US Open Of Surfing Moments: Courtney’s Colossal Quarterfinal

Courtney Conlogue

Courtney Conlogue at maxed out HB Pier. Photo: English

US Open Of Surfing Moments: Courtney’s Colossal Quarterfinal

Even when the surf is small at Huntington for the U.S. Open, the crowd alone brings a certain electricity to the air. In 2009, however, the crowd noise was being drowned out by the ocean, as the biggest south swell of the year roared into town for the final days of the comp, creating thick and unruly walls of water exploding so loud it sounded like mortar rounds were going off.

On Friday morning double-overhead-plus waves were detonating against the pier. By that afternoon, for the women’s quarterfinals, the swell seemed to be growing. And instead of the normal summer onshore winds blowing it to junk, it somehow turned into a pitch perfect sunny day with the tiniest breath of wind.

Even though it looked beautiful, when sixteen-year-old local girl Courtney Conlogue paddled out against Australian wonderkid Sally Fitzgibbons in quarterfinal number three there was genuine concern in the air. Plenty of full grown male pros had been taken out by the pier in years past in surf half this size. However, the concern didn’t last long.

Just a few minutes into the heat, Courtney snagged a bombing left, one of the bigger waves of the day. She raced the wall and cranked a mach two bottom turn, and shot up to the top where she delivered a huge lip scalp, and then skipped down the face, the whitewash booming behind her. It was clear she was not intimidated the least bit by the giant surf. The score came in at a 9.7, and she was off to the races.

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Courtney Conlogue and John John Florence on the winners podium in West Oz. Photo: ASP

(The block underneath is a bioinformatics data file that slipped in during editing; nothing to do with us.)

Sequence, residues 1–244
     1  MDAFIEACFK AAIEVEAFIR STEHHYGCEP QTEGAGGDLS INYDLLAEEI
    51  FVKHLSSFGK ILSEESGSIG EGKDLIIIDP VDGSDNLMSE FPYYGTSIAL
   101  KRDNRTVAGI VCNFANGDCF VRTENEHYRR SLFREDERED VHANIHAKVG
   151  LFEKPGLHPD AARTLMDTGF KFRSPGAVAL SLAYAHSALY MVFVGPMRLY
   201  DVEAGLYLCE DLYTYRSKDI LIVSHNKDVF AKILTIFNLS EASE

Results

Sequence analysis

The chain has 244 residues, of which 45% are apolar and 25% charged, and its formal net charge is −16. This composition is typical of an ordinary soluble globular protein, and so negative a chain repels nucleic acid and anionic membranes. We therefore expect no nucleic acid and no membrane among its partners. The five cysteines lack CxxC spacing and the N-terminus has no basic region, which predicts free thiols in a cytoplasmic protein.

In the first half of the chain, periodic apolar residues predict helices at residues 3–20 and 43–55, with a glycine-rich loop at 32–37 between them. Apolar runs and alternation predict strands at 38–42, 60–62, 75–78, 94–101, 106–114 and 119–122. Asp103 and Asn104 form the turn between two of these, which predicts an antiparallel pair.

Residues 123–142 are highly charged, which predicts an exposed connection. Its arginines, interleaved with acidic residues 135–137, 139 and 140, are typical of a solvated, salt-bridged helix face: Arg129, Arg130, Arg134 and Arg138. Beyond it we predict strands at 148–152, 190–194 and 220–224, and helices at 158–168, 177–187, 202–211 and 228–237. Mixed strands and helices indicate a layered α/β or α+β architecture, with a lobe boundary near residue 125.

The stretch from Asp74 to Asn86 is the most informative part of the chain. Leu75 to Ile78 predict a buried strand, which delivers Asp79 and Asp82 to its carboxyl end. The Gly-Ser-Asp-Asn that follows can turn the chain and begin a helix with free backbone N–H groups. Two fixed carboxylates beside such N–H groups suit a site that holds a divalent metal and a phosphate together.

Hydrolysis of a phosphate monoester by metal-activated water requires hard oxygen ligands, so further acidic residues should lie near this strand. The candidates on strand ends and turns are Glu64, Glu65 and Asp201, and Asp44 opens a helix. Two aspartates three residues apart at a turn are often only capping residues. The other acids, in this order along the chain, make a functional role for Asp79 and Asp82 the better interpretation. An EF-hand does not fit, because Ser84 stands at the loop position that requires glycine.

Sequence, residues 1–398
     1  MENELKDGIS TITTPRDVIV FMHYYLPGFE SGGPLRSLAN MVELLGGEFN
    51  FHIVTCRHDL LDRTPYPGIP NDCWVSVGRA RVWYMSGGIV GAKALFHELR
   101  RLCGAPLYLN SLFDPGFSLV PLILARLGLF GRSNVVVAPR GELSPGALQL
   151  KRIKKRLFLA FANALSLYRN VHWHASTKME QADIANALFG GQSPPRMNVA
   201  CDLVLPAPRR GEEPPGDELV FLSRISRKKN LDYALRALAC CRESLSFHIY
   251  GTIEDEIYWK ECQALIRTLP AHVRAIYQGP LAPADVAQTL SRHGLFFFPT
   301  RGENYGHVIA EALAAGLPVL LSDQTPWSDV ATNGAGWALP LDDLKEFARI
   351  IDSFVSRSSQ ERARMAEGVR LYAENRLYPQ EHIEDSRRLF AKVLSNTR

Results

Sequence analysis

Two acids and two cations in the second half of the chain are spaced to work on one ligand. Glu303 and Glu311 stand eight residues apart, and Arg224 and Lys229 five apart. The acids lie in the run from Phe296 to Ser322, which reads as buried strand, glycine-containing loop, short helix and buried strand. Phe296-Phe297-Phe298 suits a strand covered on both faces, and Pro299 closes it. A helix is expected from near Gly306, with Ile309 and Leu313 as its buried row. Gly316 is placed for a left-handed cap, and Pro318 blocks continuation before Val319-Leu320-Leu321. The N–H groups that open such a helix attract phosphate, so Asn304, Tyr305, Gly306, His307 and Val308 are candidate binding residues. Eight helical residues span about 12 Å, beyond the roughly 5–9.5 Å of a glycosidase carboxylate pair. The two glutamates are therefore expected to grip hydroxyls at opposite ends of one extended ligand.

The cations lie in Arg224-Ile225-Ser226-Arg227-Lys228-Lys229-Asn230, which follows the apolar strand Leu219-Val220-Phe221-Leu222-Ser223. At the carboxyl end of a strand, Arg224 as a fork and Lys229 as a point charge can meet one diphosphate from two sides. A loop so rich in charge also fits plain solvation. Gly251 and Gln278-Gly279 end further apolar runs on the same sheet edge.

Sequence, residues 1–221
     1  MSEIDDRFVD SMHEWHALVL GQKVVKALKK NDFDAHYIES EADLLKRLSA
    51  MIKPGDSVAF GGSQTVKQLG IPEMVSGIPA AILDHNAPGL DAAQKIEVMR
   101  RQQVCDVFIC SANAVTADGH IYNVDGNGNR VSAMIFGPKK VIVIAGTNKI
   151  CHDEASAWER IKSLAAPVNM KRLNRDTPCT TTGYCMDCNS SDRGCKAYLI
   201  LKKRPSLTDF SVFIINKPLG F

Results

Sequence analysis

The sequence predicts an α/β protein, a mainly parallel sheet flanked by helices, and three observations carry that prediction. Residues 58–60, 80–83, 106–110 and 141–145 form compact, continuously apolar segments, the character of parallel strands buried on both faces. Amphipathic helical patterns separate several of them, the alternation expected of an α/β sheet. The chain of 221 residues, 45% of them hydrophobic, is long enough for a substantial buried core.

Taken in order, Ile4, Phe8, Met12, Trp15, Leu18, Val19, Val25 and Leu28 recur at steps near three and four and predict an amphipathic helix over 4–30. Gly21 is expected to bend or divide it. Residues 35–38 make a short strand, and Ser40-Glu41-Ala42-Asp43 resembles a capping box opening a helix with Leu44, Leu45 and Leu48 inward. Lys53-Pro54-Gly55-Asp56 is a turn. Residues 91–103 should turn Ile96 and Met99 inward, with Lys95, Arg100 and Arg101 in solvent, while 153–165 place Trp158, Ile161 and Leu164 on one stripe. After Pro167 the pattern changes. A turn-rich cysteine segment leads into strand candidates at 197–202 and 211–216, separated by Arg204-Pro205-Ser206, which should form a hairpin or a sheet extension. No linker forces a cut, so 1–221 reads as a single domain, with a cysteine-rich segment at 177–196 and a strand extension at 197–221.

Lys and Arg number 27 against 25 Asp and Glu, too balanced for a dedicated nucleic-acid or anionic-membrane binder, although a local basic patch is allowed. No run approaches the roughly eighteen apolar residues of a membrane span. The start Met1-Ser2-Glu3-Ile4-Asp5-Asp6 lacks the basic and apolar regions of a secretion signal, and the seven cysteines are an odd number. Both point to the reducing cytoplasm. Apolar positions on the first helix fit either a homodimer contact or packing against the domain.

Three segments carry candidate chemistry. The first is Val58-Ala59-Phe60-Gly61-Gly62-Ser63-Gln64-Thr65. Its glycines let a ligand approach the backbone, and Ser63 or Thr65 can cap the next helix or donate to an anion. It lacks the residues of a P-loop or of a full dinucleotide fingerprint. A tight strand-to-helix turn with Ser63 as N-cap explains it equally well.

Above: Courtney Conlogue photo gallery
With five minutes left, a massive set began to march in. In a day of superlative surf, this set seemed to be pulsing even bigger. The beach crowd stood up to try and spot the two girls, who were only visible for a split second as they paddled over the tops of the giant walls. Suddenly Courtney was dropping down the face of one, screaming toward the pier. The sheer size of the wave, coupled by her diminutive stature made for a cartoon-looking scene. She drew a high line, bottom turning mid face, and came shooting toward the lip. She carved across it sending up a huge fan, air-dropped down the face, and rode cleanly out of it. The score rang up a 9.93, and put her heat score at a 19.63—the highest heat score of the entire comp in any division.

It was a gutsy triumph amid a day full of inspired performances. Although to her, it was just a chance to surf bombing Huntington with one other girl out. “Those were the kind of conditions I love to surf in, so it was like an amazing freesurf session,” she says. “Plus the ski was towing me back out after every wave. I was just taking advantage of that, catching as many waves as possible, and not getting worked—it was great.”

And of course you know this story has a happy ending: Courtney went on the next day to win the women’s final. The win got all the headlines, but for those that witnessed that amazing quarterfinal, it will go down as one of the best female performances in U.S. Open history.—Casey Koteen